Operations to block farmers: the boss of the FNSEA suggests that Gabriel Attal “return to the negotiating table”

In an interview with Midi Libre, Arnaud Rousseau, president of the FNSEA, the first French agricultural union, reacts to the announcements of Prime Minister Gabriel Attal and announces the continuation of the peasant movement. Why the blockages “continue”.

You call for the continuation of the farmers’ movement, do you think you have not been heard?

Part of what the Prime Minister said is in the right direction. But it’s not complete compared to what we asked for. These are good first proposals, but there are things that need to be clarified and completed.

Consequently, after consultation with all of our departmental and regional representatives, as well as with the Young Farmers, we made the decision to continue the movement.

The Prime Minister having said that he was a man of dialogue, our desire is to return to the negotiating table.

What are the strong measures that could lead you to put an end to the movement?

There are a lot of them, because he talked about some interesting measures, but on all subjects, for example overtransposition (of European rules into French law), I found him in the background, or even absent.

However, supertranspositions, by definition, are French decisions which can be modified by decree. He spoke of around ten decrees, but there are many others. About the environmental overtransposition, we have a lot of questions. But there are also issues of environmental compensation.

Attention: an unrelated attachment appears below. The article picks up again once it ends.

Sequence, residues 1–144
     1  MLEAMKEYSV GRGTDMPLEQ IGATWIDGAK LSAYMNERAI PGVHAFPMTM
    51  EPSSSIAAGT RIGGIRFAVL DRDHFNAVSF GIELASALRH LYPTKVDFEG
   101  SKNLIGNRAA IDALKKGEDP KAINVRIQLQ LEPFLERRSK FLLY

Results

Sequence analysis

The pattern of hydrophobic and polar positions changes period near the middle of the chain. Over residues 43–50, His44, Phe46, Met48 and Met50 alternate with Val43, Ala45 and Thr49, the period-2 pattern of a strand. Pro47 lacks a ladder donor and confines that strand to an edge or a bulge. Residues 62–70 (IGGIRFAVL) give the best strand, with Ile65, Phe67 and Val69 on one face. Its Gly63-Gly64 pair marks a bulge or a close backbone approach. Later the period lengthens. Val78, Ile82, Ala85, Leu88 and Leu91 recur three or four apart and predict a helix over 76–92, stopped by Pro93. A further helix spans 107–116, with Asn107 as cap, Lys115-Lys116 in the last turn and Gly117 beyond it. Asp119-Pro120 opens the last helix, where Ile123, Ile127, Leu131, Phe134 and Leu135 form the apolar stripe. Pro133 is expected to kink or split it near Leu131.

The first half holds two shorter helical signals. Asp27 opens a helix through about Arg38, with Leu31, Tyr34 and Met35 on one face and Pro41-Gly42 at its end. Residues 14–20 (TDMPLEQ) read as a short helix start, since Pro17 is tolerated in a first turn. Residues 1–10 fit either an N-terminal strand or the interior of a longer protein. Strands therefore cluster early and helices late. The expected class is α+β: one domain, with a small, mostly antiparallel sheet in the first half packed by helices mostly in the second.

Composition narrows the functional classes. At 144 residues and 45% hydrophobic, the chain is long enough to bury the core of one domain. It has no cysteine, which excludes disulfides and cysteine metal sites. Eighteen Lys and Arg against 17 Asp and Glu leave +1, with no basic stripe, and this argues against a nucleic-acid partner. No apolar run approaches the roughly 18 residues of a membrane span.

And he absolutely did not talk about pensions, on which major progress is expected. He didn’t talk at all about the installation and transmission for young people. There are a number of topics that have not been covered.

We have a very precise platform of demands, with 42 points which are broken down into 122 measures. We want to look with the Prime Minister at those to which he responded positively and those which were not addressed: is this possible or not and for what reasons?

You will therefore continue the blockades in France.

Yes, we say it very clearly, because if there are initial elements of response, all of our demands have not been addressed.

I spoke to the Prime Minister on the telephone twice, he received us on Monday as part of a meeting intended to make a diagnosis, but since then we have not worked either with his services or with the other ministries on the measures.

SO the actions continue and, if the Prime Minister wishes, we are at his disposal to continue discussions.

Could you go as far as blocking the city of Paris?

We currently have actions (Friday evening, Editor’s note) in Ile-de-France, we have not, for the moment, decided to enter Paris. This is not the objective, but depending on what will happen in the coming days things could change.

At the moment, this is not the case.

Could certain barriers, on the contrary, be lifted? There may also be divisions within the unions, notably yours: Jérôme Bayle, head of the FNSEA in Haute-Garonne, announced the lifting of the A64 barrier this Saturday noon.

As always, in our network, we give priority to the decision on the ground. This movement also aims to rotate because there are people who have been mobilized for four or five days, while others simply started today. Some will pick up this Friday evening to perhaps come back next week, others will continue.

Our colleagues from Haute-Garonne were the first (to carry out blockades, Editor’s note) and they lifted their device because they have three demands to which Gabriel Attal responded live, including action.

With these decisions, at this stage, the Prime Minister has lifted a barrier. There are a hundred others left.

The FNSEA further specifies that it condemns all violent actions committed alongside the mobilization of farmers, in particular the fire of the MSA in Narbonne.

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